The right of parents to smack their children will be up for debate in Portree next week when MSPs visit Skye to consider views on the subject.
The Scottish Parliament’s equalities and human rights committee are considering proposals which could stop parents in Scotland from using the defence of ‘reasonable chastisement’ if they physically punish their child.
The bill was introduced by Highland Green MSP John Finnie last September, and First Minister Nicola Sturgeon has said that the Scottish Government will support it.
In Skye, MSPs will meet a range of groups before holding a formal meeting with representatives of different faiths and belief systems.
The committee has already gathered views from academics, children’s groups and charities in Edinburgh.
Those in favour of the bill argue that physical punishment can cause long term harm to children and that a change in law is needed to stimulate behaviour change.
Those against say that smacking is not the same as assault, that the current law is sufficient, and that the bill would represent unwelcome state interference in private family life.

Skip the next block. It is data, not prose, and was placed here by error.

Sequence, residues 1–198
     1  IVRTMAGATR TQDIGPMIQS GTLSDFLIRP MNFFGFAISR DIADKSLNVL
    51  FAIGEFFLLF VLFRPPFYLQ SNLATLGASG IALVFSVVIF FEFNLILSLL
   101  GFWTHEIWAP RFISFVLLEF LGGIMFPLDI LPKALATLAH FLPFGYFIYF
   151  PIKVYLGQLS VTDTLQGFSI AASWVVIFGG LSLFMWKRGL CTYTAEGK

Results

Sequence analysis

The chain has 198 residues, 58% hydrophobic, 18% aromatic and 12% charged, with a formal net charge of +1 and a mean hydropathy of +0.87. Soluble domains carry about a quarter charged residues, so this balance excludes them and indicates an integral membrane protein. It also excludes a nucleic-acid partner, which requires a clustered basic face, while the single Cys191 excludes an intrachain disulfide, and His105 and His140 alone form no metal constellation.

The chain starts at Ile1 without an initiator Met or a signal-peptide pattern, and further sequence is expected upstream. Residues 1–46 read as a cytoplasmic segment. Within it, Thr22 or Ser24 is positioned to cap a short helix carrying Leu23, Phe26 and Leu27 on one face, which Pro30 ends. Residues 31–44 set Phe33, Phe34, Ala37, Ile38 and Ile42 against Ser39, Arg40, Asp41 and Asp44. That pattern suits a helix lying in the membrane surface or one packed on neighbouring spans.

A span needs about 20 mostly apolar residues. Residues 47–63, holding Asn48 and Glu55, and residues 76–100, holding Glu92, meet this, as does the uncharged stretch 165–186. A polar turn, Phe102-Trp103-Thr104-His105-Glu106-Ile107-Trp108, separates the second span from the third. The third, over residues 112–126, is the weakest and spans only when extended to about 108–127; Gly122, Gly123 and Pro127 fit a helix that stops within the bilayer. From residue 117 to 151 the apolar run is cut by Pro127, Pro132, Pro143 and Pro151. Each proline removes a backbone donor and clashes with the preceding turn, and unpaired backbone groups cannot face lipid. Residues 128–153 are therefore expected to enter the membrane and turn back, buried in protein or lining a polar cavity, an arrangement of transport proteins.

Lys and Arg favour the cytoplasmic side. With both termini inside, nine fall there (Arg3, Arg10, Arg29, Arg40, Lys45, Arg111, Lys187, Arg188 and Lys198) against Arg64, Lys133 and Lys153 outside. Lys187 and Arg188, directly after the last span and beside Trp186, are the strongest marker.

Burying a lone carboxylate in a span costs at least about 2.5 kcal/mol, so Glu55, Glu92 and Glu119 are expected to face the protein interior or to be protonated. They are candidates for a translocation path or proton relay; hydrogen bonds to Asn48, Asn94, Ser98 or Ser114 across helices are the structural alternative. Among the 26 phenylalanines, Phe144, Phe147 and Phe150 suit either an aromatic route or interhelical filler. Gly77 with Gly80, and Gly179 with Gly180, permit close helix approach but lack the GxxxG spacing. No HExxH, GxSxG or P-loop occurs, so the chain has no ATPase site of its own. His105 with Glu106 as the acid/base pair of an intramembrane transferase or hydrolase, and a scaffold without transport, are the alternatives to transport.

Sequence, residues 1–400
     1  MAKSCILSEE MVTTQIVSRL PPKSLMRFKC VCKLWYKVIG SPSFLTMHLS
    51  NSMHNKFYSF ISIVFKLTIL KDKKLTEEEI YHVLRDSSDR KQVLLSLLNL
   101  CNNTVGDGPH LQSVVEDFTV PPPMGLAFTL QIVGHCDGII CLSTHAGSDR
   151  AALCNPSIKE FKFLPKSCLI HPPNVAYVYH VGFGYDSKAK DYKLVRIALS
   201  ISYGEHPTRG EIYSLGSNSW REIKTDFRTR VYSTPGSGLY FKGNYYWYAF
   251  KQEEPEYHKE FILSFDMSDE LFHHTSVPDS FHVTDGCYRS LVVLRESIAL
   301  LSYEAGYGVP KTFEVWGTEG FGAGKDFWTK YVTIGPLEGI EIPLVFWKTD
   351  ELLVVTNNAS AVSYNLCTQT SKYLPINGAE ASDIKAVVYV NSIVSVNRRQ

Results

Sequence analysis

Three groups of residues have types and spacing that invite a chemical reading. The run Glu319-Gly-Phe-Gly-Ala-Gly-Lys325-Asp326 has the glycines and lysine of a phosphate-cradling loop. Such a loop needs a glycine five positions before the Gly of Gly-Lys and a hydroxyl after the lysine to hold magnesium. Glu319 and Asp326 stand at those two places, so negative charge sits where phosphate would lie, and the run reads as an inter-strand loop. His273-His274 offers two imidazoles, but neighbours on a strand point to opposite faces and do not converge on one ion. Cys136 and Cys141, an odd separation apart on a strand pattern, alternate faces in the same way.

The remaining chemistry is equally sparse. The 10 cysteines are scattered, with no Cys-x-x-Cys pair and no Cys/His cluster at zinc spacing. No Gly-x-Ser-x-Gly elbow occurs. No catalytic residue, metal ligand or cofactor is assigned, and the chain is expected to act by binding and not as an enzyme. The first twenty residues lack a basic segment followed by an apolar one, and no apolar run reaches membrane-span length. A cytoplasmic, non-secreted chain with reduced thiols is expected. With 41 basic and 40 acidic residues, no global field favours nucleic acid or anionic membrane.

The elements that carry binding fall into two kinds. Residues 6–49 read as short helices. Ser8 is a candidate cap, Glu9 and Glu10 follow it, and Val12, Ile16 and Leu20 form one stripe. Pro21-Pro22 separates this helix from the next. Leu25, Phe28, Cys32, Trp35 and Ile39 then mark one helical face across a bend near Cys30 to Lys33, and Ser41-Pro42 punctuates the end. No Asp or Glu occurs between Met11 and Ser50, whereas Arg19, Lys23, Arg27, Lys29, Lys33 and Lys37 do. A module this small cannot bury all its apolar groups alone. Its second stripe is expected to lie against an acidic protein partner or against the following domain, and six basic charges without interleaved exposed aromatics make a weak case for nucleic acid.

As the law stands an attack on one person by another is an assault, whether the person attacked is a child or an adult.
However, a person charged with assault of a child can claim the defence of ‘reasonable chastisement’ or ‘justifiable assault’ when they have used physical force to discipline a child.
The bill’s supporters say the legislation does not create a new criminal offence, but will provide children with the same protection from assault as adults.
The formal committee meeting, which is open to the public to attend, will be held between 4pm and 6pm on Friday 15th March in the Fingal Centre / Arainn Fhinn, Portree.
The public are also welcome to a question and answer session with the committee from 3.15pm.
Earlier in the day, committee members will meet with schoolchildren from Bun-sgoil Ghàidhlig Phort Rìgh, Portree High, young carers and parents’ groups on the island, to hear their views on the proposals.
Ahead of the visit, committee convener Ruth Maguire said: “The physical discipline of children is an emotive topic. Those we have heard from so far have held varied and often strong opinions.
“MSPs are very interested in the evidence we are receiving during this crucial phase of the legislative process. We will be taking points of view into account before we report back to the full Parliament on the next steps.”
Ms Maguire added: “We hope that as many people as possible can make it along to watch our meeting in the Fingal Centre, and that people on Skye take the opportunity to help with the Committee’s deliberations.”
To book a ticket for the Q&A and public meeting, call 0131 248 5200, freephone 0800 092 7600, email email@example.com or go online to www.parliament.scot/tickets-for-committees.